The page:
Cyclosporine, a P-glycoprotein modulator, increases [18F]MPPF uptake in rat brain and peripheral tissues: microPET and ex vivo studies

  • Goran Laćan
  • Alain Plenevaux
  • Daniel J. Rubins
  • Baldwin M. Way
  • Caroline Defraiteur
  • Christian Lemaire
  • Joel Aerts
  • André Luxen
  • Simon R. Cherry
  • William P. MelegaEmail author
Original Article



Pretreatment with cyclosporine, a P-glycoprotein (P-gp) modulator increases brain uptake of 4-(2'-methoxyphenyl)-1-[2'-(N-2"-pyridinyl)-p-[18F]fluorobenzamido]ethylpiperazine ([18F]MPPF) for binding to hydroxytryptamine1A (5-HT1A) receptors. Those increases were quantified in rat brain with in vivo microPET and ex vivo tissue studies.

Materials and methods

Each Sprague–Dawley rat (n = 4) received a baseline [18F]MPPF microPET scan followed by second scan 2–3 weeks later that included cyclosporine pretreatment (50 mg/kg, i.p.). Maximum a posteriori reconstructed images and volumetric ROIs were used to generate dynamic radioactivity concentration measurements for hippocampus, striatum, and cerebellum, with simplified reference tissue method (SRTM) analysis. Western blots were used to semiquantify P-gp regional distribution in brain.


MicroPET studies showed that hippocampus uptake of [18F]MPPF was increased after cyclosporine; ex vivo studies showed similar increases in hippocampus and frontal cortex at 30 min, and for heart and kidney at 2.5 and 5 min, without concomitant increases in [18F]MPPF plasma concentration. P-gp content in cerebellum was twofold higher than in hippocampus or frontal cortex.


These studies confirm and extend prior ex vivo results (J. Passchier, et al., Eur J Pharmacol, 2000) that showed [18F]MPPF as a substrate for P-gp. Our microPET results showed that P-gp modulation of [18F]MPPF binding to 5-HT1A receptors can be imaged in rat hippocampus. The heterogeneous brain distribution of P-gp appeared to invalidate the use of cerebellum as a nonspecific reference region for SRTM modeling. Regional quantitation of P-gp may be necessary for accurate PET assessment of 5-HT1A receptor density when based on tracer uptake sensitive to P-gp modulation.


5-HT1A receptor positron emission tomography hippocampus pharmacokinetics blood brain barrier 



The authors thank the entire radiochemistry group (Dr. Nagichettiar Satyamurthy, Director), and Judy Edwards and Dr. Waldemar Ladno of the microPET imaging section (Dr. Arion Chatziioannou, Director) at UCLA.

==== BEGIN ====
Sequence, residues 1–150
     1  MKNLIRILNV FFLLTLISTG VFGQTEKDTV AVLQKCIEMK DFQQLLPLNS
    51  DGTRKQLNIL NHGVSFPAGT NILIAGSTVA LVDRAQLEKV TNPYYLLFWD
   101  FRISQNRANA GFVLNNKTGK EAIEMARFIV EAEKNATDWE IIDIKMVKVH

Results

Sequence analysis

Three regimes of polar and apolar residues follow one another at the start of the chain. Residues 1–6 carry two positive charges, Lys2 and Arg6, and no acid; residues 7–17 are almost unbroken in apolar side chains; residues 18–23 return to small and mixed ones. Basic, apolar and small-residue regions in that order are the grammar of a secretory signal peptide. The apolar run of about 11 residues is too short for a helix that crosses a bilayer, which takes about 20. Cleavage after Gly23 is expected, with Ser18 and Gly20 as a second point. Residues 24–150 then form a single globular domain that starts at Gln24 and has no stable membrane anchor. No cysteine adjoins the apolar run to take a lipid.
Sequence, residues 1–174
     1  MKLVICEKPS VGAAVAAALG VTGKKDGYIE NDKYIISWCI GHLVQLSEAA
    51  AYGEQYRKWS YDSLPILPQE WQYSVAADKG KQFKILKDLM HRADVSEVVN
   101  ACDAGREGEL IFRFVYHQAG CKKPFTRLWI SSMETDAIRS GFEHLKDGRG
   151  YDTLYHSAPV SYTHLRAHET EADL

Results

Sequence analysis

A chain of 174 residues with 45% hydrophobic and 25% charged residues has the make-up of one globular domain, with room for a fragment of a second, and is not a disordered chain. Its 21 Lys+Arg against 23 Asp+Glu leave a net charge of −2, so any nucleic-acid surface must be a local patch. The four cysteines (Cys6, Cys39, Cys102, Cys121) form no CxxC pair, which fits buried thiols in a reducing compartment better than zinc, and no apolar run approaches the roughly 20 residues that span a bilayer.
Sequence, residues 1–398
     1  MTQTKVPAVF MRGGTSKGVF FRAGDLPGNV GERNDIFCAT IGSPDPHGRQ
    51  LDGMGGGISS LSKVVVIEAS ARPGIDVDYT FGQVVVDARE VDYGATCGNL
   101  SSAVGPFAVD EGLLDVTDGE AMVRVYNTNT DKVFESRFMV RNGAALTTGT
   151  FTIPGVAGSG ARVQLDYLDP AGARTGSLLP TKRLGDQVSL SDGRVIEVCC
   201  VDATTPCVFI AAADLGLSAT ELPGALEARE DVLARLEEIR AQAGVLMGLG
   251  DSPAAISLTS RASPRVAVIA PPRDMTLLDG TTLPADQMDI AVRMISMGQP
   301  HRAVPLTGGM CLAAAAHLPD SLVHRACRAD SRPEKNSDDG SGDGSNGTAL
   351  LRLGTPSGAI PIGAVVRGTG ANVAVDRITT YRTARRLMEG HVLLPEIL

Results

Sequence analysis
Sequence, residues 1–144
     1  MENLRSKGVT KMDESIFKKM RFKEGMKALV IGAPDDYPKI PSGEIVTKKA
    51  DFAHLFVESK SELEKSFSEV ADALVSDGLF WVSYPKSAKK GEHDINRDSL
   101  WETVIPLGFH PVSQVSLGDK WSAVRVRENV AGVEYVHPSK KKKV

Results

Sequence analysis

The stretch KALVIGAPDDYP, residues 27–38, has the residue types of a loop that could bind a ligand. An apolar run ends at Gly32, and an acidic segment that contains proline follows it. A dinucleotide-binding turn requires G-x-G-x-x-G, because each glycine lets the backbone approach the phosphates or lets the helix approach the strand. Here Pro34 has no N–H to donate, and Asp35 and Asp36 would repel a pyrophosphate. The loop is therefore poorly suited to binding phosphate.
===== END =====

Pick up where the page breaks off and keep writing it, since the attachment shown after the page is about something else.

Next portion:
We also thank Professor Wolfgang Lőscher (University of Veterinary Medicine, Hannover, Germany) and Dr. Erwin van Vliet (Center for Neurosciences, University of Amsterdam, The Netherlands) for their helpful comments regarding P-gp quantification in the rat brain.

This research was supported in part by a contract from the U.S. Department of Energy (DoE) DE-FC03-87ER60615, FRS-FNRS Belgium (grant 3.4557.03F) and the Liege University (“Fonds Spéciaux” projects C-03/72 and C-02/23). A. Plenevaux is a research associate from FRS-FNRS Belgium.

Declaration of compliance for experiments performed

All procedures were performed in accordance with established practices as described in the Guide for the Care and Use of Laboratory Animals (National Research Council, 1996). All protocols were reviewed and approved by the UCLA Chancellor’s Animal Research Committee and Liege University Animal Ethics Committee.

Conflict of Interest statement

None of the authors has a conflict of interest related to the subject of this report.


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Copyright information

© Springer-Verlag 2008

Authors and Affiliations

  • Goran Laćan
    • 1
  • Alain Plenevaux
    • 3
  • Daniel J. Rubins
    • 4
  • Baldwin M. Way
    • 1
  • Caroline Defraiteur
    • 3
  • Christian Lemaire
    • 3
  • Joel Aerts
    • 3
  • André Luxen
    • 3
  • Simon R. Cherry
    • 2
  • William P. Melega
    • 1
    • 5
    Email author
  1. 1.Department of Molecular and Medical PharmacologyUCLALos AngelesUSA
  2. 2.Department of Biomedical EngineeringUC Davis; Cyclotron Research CenterDavisUSA
  3. 3.Cyclotron Research CenterLiège UniversityLiègeBelgium
  4. 4.Merck Research LaboratoriesMerck & Co., IncWest PointUSA
  5. 5.Department of Molecular and Medical Pharmacology23-120 CHS, UCLA School of MedicineLos AngelesUSA

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